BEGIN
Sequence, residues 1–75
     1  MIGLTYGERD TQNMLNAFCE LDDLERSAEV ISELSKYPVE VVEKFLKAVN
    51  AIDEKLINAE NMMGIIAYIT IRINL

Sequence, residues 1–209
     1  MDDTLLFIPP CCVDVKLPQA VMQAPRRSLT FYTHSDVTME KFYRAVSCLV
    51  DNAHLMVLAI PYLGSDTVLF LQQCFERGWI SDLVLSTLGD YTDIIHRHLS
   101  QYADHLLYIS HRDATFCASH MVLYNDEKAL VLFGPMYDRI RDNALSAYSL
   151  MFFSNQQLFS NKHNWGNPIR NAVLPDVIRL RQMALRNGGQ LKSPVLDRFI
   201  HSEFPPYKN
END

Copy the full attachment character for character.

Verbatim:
Sequence, residues 1–75
     1  MIGLTYGERD TQNMLNAFCE LDDLERSAEV ISELSKYPVE VVEKFLKAVN
    51  AIDEKLINAE NMMGIIAYIT IRINL

Sequence, residues 1–209
     1  MDDTLLFIPP CCVDVKLPQA VMQAPRRSLT FYTHSDVTME KFYRAVSCLV
    51  DNAHLMVLAI PYLGSDTVLF LQQCFERGWI SDLVLSTLGD YTDIIHRHLS
   101  QYADHLLYIS HRDATFCASH MVLYNDEKAL VLFGPMYDRI RDNALSAYSL
   151  MFFSNQQLFS NKHNWGNPIR NAVLPDVIRL RQMALRNGGQ LKSPVLDRFI
   201  HSEFPPYKN